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publications research tactile

In Their Own Words: Adults Who Are Blind Describe Museums

I submitted the following text as a poster for the American Alliance of Museums conference #AAAM2021, held online on May 24 and June 7-9 2021. The poster was behind the paywall until July 14 2021, and now I am publishing it for everyone to read.

In Their Own Words: Adults Who Are Blind Describe Museums

By

Cheryl Fogle-Hatch, Ph.D. and Don Winiecki, Ph.D. Ed.D.

audio description (18)

audio (5)

boring (2)

braille and tactile graphics (1)

braille tactile exhibits (1)

braille (3)

can touch (2)

can’t access independently (1)

can’t participate (1)

can’t touch (2)

disappointing (1)

dislike planning visit in advance (1)

doesn’t ask companions to read (2)

enjoy (9)

enjoys visiting with friends (1)

explore (1)

frustrating (2)

fun (1)

goes with family (1)

hands-on (2)

hard to navigate (2)

improving (1)

inaccessible (27)

information (3)

inspiring (1)

interactive (1)

interesting (2)

kids museums hands-on (1)

learn (6)

love (3)

most information is in print (1)

multisensory (2)

need more audio Braille tactile (4)

need more braille exhibits (1)

need more tactile replicas (1)

need sighted person to read (5)

no audio (1)

noise makes hearing audio difficult (1)

objects (1)

por lighting (4)

pre-recorded audio guide (2)

rely on others (2)

science and kids museums encourage tactile access (1)

small print (4)

tactile art (3)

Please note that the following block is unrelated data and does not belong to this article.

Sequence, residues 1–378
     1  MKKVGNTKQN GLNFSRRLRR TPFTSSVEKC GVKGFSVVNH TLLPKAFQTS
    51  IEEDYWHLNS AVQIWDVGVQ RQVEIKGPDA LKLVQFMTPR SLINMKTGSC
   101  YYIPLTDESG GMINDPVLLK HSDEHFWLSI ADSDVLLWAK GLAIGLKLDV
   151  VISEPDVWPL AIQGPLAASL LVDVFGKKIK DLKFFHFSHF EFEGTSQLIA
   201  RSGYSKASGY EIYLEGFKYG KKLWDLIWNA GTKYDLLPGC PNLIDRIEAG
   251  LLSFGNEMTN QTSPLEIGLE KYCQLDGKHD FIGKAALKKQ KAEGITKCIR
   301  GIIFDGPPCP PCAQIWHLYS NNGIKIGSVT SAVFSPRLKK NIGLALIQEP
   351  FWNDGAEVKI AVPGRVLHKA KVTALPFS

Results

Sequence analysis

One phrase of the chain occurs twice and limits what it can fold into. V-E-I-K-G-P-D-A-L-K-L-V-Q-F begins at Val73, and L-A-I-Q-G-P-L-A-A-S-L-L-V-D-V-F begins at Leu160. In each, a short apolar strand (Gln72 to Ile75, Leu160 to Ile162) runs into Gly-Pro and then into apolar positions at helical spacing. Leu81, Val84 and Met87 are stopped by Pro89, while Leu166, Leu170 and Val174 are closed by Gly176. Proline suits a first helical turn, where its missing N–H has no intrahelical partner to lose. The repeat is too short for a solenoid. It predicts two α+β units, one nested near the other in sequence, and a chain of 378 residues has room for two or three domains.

tactile experience (10)

tactile materials (1)

tactile models (6)

tactile replicas (2)

tactile representation (1)

tactile representations of the real thing (1)

teach my children (1)

took a sighted child (1)

tour guide (3)

under glass (9)

valuable (1)

visits with group (2)

waste of time (1)

wonderful (1)

This word cloud was created at TagCrowd.com.

Background

This poster expands on findings reported by Fogle-Hatch and Winiecki (2020). Assessing Attitudes of Blind Adults About Museums. The word cloud pictured above highlights words and phrases from comments on an international survey of adults who are blind or have low vision. We conducted an online survey receiving 124 responses from June to October 2018. We asked a series of questions about the last museum visit made by a survey participant. Then we encouraged survey respondents to comment on museums generally.

Findings

Each comment was coded thematically. Most comments were classified as both positive and negative. Positive codes signify strong relationships between personal enjoyment of the exhibits and design features that facilitated accessibility. Examples:

• tactile models, tactile replicas, tactile graphics

• braille, This code includes comments about brochures and signs.

• audio description, Sometimes This code referred to tour guides and docents, and at other times to pre-recorded audio.

Emotional keywords: “enjoy” “learn” “valuable”.

Negative codes focused on instances when participants could not access exhibits independently. Examples:

• need a sighted person to read, This code refers to print labels and describing exhibits.

• under glass, this code also includes the phrase “behind glass”.

inaccessible, This code includes variations “lacks access” and “not accessible”.

Emotional keywords “boring”, “disappointing”, “frustrating”

Conclusion

These data underscore the value of accessible museum exhibits that allow everyone to enjoy their museum visits. Positive comments referenced the availability of tactile experiences (models, replicas, graphics), and braille and audio descriptions. The lack of tactile, braille, or audio components in exhibits was common in negative comments. The Survey participants valued museums despite the consensus that most exhibit content is inaccessible.

About the Authors